Before a run of notes was to be printed, a specimen note had to be approved by the Royal Thai Treasury Department in Bangkok. In the early years this process was very time consuming, so the Minister (Ambassador) at the Thai Legation in London was assigned to the task H.E. the Minister could only approve notes already circulating, so new designs had to be sent to Bangkok for approval. On February 7, 1911, this 1,000 Baht note was signed as approved by H.E. Phya Akaraj Waradhara. The last banknote First Series was dated in 1923. The first notes in the Second Series, printed on both sides, was announced February 18, 1925.

Eur-Seree Collecting Auction 55

Eur-Seree will be conducting their 55th auction at the Narai Hotel in Bangkok on April 4 and 5, 2020. 2880 Lots are to be sold in the auction.

A variety of collector’s objects are to be sold, including, documents, books, photographs, watches, stamps, coins medals and banknotes to mention but just a few.

About 20 dealers will be exhibiting their collections during the viewing and the auction. So if you have no luck in buying your favourite choice at the sale, you might find something interesting from the exhibiting dealers.

The catalogue can be seen on

The auction catalogue can be bought for 1500 Baht inside Thailand or sent oversees by airmail for US$ 35.

For more information please contact [email protected]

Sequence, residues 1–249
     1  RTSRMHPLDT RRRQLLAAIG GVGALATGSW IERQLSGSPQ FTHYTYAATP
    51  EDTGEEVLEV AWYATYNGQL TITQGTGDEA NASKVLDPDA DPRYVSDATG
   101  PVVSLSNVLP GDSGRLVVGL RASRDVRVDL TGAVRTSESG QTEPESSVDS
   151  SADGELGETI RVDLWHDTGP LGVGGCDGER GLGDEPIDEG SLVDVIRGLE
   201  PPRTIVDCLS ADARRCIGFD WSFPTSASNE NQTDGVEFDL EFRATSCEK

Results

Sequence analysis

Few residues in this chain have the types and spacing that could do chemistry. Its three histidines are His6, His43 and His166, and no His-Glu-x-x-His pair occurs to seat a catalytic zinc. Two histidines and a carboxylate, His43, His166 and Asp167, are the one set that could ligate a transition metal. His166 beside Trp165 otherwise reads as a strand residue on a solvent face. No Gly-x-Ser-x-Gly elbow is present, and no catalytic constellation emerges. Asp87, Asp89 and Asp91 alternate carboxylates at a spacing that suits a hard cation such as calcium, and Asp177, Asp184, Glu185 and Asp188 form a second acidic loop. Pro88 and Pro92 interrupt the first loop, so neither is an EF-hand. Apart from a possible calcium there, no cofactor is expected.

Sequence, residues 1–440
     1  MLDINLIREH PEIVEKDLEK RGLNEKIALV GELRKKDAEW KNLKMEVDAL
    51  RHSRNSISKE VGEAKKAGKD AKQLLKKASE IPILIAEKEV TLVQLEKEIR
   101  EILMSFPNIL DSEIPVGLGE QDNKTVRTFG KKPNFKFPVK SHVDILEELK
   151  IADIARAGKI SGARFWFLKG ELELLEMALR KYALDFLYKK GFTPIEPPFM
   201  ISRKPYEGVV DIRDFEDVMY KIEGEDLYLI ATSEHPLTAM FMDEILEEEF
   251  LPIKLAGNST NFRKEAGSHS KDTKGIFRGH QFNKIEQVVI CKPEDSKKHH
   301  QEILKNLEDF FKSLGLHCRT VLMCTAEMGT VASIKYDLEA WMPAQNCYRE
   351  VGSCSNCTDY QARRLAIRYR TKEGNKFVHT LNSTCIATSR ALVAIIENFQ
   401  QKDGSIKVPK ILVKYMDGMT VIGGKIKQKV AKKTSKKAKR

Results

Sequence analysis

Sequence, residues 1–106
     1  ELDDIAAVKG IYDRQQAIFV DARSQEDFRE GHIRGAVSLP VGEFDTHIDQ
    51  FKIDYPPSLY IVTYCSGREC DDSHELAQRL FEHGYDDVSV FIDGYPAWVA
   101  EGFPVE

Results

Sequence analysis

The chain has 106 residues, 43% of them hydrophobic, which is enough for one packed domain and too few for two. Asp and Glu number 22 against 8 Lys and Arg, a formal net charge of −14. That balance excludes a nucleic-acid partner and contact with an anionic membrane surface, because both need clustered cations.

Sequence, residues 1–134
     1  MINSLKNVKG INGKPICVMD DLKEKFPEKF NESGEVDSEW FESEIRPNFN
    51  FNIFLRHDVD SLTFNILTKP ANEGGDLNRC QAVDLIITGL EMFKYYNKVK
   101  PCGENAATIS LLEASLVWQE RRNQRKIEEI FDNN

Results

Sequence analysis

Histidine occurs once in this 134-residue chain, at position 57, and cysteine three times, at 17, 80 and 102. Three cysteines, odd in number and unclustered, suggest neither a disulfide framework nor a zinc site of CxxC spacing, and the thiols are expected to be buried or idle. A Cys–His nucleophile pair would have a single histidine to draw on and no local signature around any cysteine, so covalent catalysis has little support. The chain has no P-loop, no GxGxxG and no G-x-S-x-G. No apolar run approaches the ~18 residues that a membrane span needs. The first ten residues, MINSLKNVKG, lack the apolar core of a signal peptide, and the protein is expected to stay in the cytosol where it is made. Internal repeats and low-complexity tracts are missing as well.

There are many collections of Royal Photographs and when signed are even more popular and are in high demand. For example a signed photograph of Rama VI is offered. The signature “Maha Vajiravudh 1907” is prominent on the front and the words “The King of Siam given to the Dean of Gloucester” is inscribed on the back. The starting price is 175,000 Baht.


For collectors of autographs there is good chance to get signed Royal documents. In Lot 52 there is a document signed by H.M. King Bhumibol Adulyadej in Thai about land mortgage. It is a nice document and the starting price is only 8,000 Baht.


A gold Pod Duang, bullet coin, 1 Baht, from the period 1851-68 is offered with a starting price of 300,000 Baht. It is in an Almost Uncirculated condition and both marks are very clear. The very same coin was sold in the Eur-Seree auction in 2009 for the same as the starting price in this auction. Should be a very good buy.


Silver Pod Duang, bullet coins, can be bought for less than 1,000 Baht. In Lot 1466 there are 13 pieces of 1 Baht coins and the starting price is 7,000 Baht. The coins are from the reign of King Rama III, 1824-51. The weight of one coin is around 15 grams. If one is interested in bullet coins it is worth spending some time to study the catalogue.


In recent years the interest for copper coins in high grades has increased. Prior to this, most of the collectors were concentrating on the silver coins. But many realized that it was actually harder to find a copper coin in good condition.

The reason being, in the reign of King Chulalongkorn, Rama V, it was the copper coins that were being circulated the most.

In this sale there is also a 2 Att, Seo, from RS109 (1890) graded by the Professional Coin Grading Service (PCGS) to be MS63RB, which is the same as Uncirculated. If it can be bought for the starting price of 10,000 Baht, it is a very good buy.